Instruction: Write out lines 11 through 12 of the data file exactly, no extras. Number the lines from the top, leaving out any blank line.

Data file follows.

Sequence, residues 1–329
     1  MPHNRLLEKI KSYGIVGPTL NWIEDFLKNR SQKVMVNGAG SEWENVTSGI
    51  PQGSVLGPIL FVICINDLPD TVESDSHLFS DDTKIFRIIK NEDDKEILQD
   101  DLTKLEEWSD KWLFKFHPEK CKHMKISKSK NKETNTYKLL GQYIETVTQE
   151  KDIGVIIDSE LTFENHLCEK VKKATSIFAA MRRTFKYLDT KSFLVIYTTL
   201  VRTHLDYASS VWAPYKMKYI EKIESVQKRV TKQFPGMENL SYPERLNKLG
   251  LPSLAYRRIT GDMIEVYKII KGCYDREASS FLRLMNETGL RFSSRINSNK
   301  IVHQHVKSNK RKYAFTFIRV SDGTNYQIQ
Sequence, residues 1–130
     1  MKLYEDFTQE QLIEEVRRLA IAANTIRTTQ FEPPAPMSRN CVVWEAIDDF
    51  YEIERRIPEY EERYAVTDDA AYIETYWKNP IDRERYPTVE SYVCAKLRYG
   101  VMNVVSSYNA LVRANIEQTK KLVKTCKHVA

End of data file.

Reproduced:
    51  YEIERRIPEY EERYAVTDDA AYIETYWKNP IDRERYPTVE SYVCAKLRYG
   101  VMNVVSSYNA LVRANIEQTK KLVKTCKHVA